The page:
When questioned about these incidents later, the Jefferson Parish Sheriff confirmed that his office closed the bridge, explaining that his Parish did not have the resources to care for thousands of needy people.” source

Other Accounts:
Evacuees Were Turned Away at Gretna, La. : NPR

Jefferson Parish Sheriff
asks to be taken off of lawsuit | – NOLA.com

I wonder what the citizens of Jefferson Parish thought about the events on that bridge back then?  I wonder what they think about the responsiblity of all of us to care for the needy now?

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NAACP: Don’t Just Criticize, Become a Member and Effect Change from Within

I just have to give my 2 cents on the Wells Fargo, NAACP, and Boyce Watkins drama.  I’ve listened to all the points given.  I think there are a lot of valid points on both sides.  However, the thing that stands out to me is that the NAACP as an organization is not the same organization that I read about in the history books.  It’s not the NAACP of the time of W.E.B Dubois or in the 60s with King.  This is a different time.  A time that calls for different tactics and is full of different concerns.  The very fact that such an institution is now being challenged from within the black community is interesting.  The NAACP is a holy grail organization historically.  What this whole conflict has make me consider is the future of the organization and how African Americans can best influence it.

The best way for people to influence and ensure its future…JOIN.  For just $30 you can join and actually help this historic organization.  Money talks. If you really care, pay your dues and get involved with the actual governance of the organization.  Sure, you can affect it from outside, but if you really cherish what the NAACP has meant to the African American community, wouldn’t you want to see it refashioned for future survival?  If you have answers and know what direction the organization should do in, why not share them?

Sponsorship means money.  Perhaps if there was an infusion of new member revenue, the amount of sponsorship revenue needed for the conference would have been reduced.  Perhaps they could afford to be more choosy when selecting sponsors in that case.

Just my 2 cents.

Background: Recently the NAACP came under fire by bloggers for having Wells Fargo as a leading sponsor for its annual convention this July. Dr. Boyce Watkins wrote an op-ed for theGrio questioning why the NAACP would partner with Wells Fargo – a company accused of predatory lending practices — so recently after the civil rights organization dropped its lawsuit with the bank. Click here for the response to Dr. Watkins’ inquiry from NAACP President and CEO Benjamin Todd Jealous.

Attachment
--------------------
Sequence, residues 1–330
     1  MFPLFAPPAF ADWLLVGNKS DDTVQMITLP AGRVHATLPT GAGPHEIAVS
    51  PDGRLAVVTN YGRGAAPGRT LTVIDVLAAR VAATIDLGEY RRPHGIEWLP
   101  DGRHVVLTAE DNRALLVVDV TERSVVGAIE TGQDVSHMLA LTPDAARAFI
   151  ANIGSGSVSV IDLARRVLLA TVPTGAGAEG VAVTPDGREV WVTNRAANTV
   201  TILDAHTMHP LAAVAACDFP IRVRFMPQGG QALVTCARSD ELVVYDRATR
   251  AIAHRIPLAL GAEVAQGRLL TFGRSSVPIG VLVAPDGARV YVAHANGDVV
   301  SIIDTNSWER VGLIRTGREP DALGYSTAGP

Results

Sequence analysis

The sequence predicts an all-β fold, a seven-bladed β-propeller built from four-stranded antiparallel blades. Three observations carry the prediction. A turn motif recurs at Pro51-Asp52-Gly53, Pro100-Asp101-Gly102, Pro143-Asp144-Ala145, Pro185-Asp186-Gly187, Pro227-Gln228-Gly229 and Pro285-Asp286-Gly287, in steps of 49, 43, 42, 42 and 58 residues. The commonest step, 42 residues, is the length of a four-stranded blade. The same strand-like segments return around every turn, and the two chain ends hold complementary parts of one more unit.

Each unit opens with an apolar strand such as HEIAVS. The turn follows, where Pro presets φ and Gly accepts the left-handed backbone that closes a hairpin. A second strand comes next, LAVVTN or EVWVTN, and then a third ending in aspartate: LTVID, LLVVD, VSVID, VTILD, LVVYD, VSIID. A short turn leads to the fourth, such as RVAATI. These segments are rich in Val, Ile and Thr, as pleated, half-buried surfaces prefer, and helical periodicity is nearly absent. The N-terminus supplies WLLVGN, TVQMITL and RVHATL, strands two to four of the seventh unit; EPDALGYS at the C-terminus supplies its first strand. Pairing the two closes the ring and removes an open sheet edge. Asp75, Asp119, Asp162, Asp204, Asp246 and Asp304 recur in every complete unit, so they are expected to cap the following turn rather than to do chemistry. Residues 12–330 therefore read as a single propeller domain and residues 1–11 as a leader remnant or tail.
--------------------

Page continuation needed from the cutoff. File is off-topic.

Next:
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Was Your African American Studies Class Ethnically Chauvinistic?

By now most of you have heard about the new bill that Arizona is taking heat for that bans some ethnic studies courses.

Arizona Republican Gov. Jan Brewer, already under fire for approving the nation’s toughest illegal immigration law, has again run afoul of liberal activists, signing a bill Wednesday that targets ethnic studies programs in schools that critics say unfairly demean white Americans.

The law, which takes effect Dec. 31, would prohibit courses that promote resentment toward one race; that are designed for students of one race; that promote ethnic solidarity “instead of treating students as individuals;” and that encourage “the overthrow of the United States government.”

The proposal was the brainchild of Tom Horne, Arizona state superintendent of public instruction, who has long battled with the Tucson Unified School District over its Mexican-American studies program, contending that it promotes “ethnic chauvinism” through the use of textbooks such as “Oppressed America” and at least one guest speaker who said, “Republicans hate Latinos.” – source

As a HBCU grad who loved all of the African American studies classes I had, I was disturbed by the language in this bill.  The measure prohibits classes that advocate ethnic solidarity or that promote resentment toward a certain ethnic group.  I feel that legally, some of the points in the law would be very hard to define.  CNN did a great job of bringing this out.

What do you think?  Would your African American studies class be banned under this bill?  What is wrong with ethnic solidarity?  Couldn’t one argue that American history as it is traditionally taught could easily promote resentment toward a certain ethnic group (ie. “Cowboys and Indians”)?

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Happy Easter: Martin Luther King’s Last Sermon

Today, many will celebrate Easter Sunday.  They may not realize that today, April 4, 2010, marks the 42nd anniversary of the assassination of Civil Rights Leader, the Rev. Dr. Martin Luther King Jr.  He spoke these words on April 3rd, 1968.